... lacrimae sanguis animae sunt ...

18 April 2010

keeping writing

Well, here I am again. It's past 03:24 a.m. and, as usual, I'm still awake. This time I'm posting some poetry. As I've already explained posts ago, I always compose music pieces before thinking about lyrics. After having some sort of solid ideas on the musical parts, I try to find what is it that the music wants to say. I usually brainstorm images (which does not necessarily have something to do with myself) and then, little by little, words start coming out.

Of course that's not a method. Sometimes I start writing poems while notes are coming out from the guitar - everything happening at the same time -, and more rarely, I have some creative outbursts and eventually have poems before conceiving any music.

This was the case with the poem below. Weeks before writing it, I had watched quite a few documentaries about wars, especially World War II, and I felt like I had to write about it somehow. I started writing down a few words, and not much longer I had the whole piece ready.

The Veteran is basically about a kind of scar most veterans have: traumas. There is a number of different traumas, and in my poem I dealt basically with the idea of not being able to forget tragic moments of the battlefield, and not being able to get rid of the state of readiness which every soldier in combat is obliged to be in. Such condition can make veterans feel an endless fear, as if they were still at war.

I've already composed music for this poem, but I haven't had the chance to record it yet. As soon as I manage to do it, I'll post results here. For the moment, that's all.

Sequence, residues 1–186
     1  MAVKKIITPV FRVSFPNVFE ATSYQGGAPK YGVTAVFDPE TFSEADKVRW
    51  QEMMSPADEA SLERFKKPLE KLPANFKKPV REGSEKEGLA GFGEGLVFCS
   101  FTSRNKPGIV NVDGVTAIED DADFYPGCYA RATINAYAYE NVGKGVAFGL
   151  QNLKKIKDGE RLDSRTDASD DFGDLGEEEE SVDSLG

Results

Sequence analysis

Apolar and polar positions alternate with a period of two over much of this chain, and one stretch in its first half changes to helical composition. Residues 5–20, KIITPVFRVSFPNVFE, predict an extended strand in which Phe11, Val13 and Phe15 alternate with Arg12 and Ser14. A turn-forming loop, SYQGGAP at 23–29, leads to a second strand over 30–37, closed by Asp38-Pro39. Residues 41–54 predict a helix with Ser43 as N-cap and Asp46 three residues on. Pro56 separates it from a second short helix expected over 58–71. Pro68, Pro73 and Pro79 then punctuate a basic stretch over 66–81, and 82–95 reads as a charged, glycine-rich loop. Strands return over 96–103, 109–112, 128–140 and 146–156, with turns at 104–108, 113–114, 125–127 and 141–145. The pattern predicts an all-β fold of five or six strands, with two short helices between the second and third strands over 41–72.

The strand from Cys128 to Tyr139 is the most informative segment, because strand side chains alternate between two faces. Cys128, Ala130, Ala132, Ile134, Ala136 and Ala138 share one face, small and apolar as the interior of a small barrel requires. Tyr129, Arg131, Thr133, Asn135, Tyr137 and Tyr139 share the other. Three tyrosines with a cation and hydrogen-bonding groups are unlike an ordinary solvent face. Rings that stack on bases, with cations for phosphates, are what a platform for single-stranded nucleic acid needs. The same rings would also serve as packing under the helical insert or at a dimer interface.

THE VETERAN Renan Ferreira (April 11, 2010)

The sun is coming down
The rain is pouring down
The wind blows from the north
Bringing memories of war

And he's sitting by door
Waiting for someone to knock
Memories take him away
To far beyond the rain

What is he doing here
Waiting for the end
War's already finished here
But he's still afraid

They've already gone away
But he's still in wait
'Cause while in his mind they still remain
He will keep in wait
posted by Renan C. Ferreira at 3:20:00 AM 0 comments

16 April 2010


Being catholic these days isn’t easy at all. People have given in to the superficiality of the earthily world, of materialism, and of pseudo-tolerance to diversity. For many, God has become but a conceit which doesn’t demand any more than believing or not.

Even those who say “I believe” don’t know what they actually believe in. Being religious has become a synonym to being uncool, old-fashioned, and intolerant. Christianity is corrupted by all those sects that make a product out of Jesus. They promise prosperity, freedom, wealth, and happiness, and they never get tired of ridiculing the Holy Church.

Every year, they change their beliefs and doctrines to seduce more people, and the Catholic Church, which has remained doctrinally coherent and solid for centuries, is ridiculed by everyone. Sacred values such as human body, nature, and life are often despised in favour of the mundane pleasures of this new era.

I could write a whole book only on the facts that annoy me, but today I’m here to express my deep sorrow for those who are doing all they can to destroy this so unique and sacred society which is the Catholic Church.

Media is convincing people that all of the priests and bishops are a group of evil people. It makes it look like all of them are paedophiles and perverts. For God's sake! There are as many as 400,000 priests all around the world. They are people who have chosen to dedicate their lives to serve us. They are committed with the mission of spreading love, compassion, and union. Even though they have such a holy mission, they’re still men, and as such, they’re still vulnerable, and they may end up making mistakes.